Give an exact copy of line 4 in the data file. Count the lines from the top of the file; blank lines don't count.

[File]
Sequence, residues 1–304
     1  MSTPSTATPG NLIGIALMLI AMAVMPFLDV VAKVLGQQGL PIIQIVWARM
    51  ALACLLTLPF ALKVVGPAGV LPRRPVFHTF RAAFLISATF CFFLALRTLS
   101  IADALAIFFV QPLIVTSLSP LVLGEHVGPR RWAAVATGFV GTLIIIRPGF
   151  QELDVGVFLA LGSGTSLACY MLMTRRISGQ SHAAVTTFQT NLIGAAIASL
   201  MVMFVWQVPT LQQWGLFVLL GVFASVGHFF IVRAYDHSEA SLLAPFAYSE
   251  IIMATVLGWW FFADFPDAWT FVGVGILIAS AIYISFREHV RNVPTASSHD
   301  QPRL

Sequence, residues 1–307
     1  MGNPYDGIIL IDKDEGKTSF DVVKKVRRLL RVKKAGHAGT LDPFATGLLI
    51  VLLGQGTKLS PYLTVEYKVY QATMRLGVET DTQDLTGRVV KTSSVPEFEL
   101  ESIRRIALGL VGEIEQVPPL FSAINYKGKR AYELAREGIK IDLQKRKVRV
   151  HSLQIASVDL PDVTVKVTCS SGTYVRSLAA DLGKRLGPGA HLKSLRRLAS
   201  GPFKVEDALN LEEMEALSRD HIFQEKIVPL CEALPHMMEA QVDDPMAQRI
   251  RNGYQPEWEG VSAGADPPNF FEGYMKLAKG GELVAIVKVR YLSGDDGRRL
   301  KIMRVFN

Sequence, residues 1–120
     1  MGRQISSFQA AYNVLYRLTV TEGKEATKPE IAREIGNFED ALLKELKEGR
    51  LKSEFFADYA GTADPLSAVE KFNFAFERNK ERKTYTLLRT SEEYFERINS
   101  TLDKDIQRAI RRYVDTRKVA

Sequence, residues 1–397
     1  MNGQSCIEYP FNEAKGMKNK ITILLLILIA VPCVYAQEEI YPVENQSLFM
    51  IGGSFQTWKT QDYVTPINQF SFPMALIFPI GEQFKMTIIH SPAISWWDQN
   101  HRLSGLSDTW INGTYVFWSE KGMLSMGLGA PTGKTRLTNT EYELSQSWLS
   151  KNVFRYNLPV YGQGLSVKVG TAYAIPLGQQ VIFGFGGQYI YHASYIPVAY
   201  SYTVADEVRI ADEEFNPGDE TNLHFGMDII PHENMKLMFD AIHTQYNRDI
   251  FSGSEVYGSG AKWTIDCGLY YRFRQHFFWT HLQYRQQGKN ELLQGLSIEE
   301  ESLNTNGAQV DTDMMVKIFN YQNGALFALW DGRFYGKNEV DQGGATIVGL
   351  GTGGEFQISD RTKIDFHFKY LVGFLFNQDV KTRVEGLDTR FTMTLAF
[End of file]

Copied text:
   101  IADALAIFFV QPLIVTSLSP LVLGEHVGPR RWAAVATGFV GTLIIIRPGF